Pictured: From left: Alma Powell, Arne Duncan, Benjamin Jealous (Sheryl Huggins Salomon)
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Oh, no, not another report about inequity by a civil rights organization, you say?
That was the initial reaction of former Secretary of State Colin Powell, according to NAACP president Benjamin Jealous. Jealous unveiled the plan at a Washington, D.C., press conference attended by U.S. Secretary of Education Arne Duncan; former education secretary and South Carolina Gov. Dick Riley; James Cicconi of AT&T; Ana Garcia-Ashley of Gamaliel; and Gen. Powell's wife, Alma, who is the chair of America's Promise. Jealous had approached the retired general for his family's support of the NAACP's new education-reform plan.
" 'Our family doesn't want any more part of studies or reports,' " said Gen. Powell, according to Jealous. " 'We just want to be part of giving people orders to do work and get it done. Set down the roadmap, say what the play is. We don't have time. We've studied the problem, we know what it is.' "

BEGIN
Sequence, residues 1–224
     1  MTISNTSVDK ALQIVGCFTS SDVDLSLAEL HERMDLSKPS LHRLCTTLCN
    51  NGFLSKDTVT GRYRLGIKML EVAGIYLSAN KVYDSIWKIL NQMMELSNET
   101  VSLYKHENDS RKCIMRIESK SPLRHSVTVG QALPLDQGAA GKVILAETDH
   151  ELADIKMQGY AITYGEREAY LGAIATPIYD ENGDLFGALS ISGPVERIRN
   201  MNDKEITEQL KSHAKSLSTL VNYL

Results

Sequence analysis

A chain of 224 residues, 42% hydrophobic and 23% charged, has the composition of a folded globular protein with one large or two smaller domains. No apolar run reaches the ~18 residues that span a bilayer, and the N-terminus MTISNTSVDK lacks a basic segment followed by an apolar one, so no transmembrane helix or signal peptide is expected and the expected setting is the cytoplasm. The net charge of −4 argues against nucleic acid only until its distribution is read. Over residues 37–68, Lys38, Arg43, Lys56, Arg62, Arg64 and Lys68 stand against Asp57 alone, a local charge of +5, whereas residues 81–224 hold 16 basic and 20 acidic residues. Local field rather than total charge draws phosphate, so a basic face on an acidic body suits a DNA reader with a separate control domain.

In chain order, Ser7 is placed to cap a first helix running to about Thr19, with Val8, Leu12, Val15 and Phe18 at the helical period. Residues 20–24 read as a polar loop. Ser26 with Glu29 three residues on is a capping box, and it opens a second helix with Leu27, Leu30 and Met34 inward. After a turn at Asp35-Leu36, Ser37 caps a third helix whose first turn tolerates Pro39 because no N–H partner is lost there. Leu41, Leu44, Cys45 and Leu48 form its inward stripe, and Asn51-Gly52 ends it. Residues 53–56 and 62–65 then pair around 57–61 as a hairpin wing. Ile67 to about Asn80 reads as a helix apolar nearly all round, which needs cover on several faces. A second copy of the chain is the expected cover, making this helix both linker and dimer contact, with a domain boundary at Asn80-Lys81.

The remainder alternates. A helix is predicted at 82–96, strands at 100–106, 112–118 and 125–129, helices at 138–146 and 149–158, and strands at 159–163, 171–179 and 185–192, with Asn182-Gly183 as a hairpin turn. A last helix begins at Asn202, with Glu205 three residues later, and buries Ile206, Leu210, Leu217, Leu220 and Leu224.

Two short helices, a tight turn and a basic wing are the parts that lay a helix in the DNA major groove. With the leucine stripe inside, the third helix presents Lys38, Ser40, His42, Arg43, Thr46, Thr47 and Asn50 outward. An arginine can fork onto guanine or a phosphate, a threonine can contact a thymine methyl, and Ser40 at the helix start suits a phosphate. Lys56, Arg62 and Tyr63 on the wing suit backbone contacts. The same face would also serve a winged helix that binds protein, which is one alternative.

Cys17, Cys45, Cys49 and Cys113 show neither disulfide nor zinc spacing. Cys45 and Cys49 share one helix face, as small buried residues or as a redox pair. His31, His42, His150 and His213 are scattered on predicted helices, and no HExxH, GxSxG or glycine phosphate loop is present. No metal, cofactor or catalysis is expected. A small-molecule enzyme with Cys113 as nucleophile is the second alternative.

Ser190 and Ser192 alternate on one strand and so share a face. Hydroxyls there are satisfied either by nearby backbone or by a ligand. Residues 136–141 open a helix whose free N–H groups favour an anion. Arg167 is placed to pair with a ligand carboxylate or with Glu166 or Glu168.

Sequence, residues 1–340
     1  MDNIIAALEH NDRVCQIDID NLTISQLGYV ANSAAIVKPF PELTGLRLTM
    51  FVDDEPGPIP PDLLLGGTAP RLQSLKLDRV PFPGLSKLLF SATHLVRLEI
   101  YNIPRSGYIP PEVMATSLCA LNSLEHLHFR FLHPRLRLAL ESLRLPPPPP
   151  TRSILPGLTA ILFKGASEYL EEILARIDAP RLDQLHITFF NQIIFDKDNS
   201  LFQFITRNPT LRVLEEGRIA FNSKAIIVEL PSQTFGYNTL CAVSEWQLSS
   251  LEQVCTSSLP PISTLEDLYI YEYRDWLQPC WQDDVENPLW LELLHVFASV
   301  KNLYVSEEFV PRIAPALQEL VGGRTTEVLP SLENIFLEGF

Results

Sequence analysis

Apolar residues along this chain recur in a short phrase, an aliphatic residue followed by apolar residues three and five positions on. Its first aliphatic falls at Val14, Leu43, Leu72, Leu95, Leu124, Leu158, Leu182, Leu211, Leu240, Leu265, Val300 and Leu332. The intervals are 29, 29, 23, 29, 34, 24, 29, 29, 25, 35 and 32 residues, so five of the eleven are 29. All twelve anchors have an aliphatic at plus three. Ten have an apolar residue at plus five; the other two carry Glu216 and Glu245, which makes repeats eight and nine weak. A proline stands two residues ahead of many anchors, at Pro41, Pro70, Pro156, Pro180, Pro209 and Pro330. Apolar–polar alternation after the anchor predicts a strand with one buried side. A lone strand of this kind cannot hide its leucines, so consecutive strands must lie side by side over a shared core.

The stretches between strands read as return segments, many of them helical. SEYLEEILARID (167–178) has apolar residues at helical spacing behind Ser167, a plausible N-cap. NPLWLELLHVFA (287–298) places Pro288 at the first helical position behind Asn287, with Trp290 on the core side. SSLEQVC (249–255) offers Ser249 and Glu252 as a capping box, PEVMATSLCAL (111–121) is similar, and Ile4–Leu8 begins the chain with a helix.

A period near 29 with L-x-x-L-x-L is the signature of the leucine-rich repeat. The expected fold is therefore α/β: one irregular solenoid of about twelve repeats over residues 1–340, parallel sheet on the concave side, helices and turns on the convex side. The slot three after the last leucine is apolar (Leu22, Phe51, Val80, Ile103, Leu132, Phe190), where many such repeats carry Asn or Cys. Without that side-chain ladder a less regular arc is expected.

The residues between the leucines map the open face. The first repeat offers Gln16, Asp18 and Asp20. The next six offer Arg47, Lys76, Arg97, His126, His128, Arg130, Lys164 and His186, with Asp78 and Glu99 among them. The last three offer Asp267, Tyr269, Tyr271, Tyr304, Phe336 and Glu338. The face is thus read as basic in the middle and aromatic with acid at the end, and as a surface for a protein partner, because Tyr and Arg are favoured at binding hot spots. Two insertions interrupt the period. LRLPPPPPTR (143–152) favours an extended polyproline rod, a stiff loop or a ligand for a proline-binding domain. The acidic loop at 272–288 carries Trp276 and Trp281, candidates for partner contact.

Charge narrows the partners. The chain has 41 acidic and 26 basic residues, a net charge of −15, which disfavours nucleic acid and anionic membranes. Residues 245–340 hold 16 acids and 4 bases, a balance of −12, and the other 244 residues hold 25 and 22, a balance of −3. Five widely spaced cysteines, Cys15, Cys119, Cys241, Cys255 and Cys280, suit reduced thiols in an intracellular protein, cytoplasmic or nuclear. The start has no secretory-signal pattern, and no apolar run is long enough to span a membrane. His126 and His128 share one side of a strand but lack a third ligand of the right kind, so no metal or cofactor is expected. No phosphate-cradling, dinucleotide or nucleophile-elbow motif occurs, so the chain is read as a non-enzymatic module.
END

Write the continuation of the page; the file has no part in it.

Contained in the report "Finding Our Way Back to First: Reclaiming World Leadership by Educating All America's Children," the NAACP's roadmap urges reform in the following four areas: prekindergarten preparation, effective teaching, time for learning and targeted spending.
Proposed solutions include sending additional resources to districts with high concentrations of low-income students; investing in early childhood-education programs; adopting policies for recruiting and keeping high-quality teachers and principals in high-need schools; and supporting student-centered enrichment that extends beyond the regular school day and year.
"We spent two years researching what makes the best schools," explained Jealous, "because we know if we do that ... then every kid gets a great education."
Right now, it's clear that every kid is not getting a great education. As the NAACP points out in "Finding Our Way," the United States, once first, is now 21st among industrialized nations in its high-school graduation rate, and nearly 87 percent of African-American and 84 percent of Latino eighth graders perform below proficient in reading, compared with nearly 70 percent of American students overall.
SOURCE: Sheryl Huggins Salomon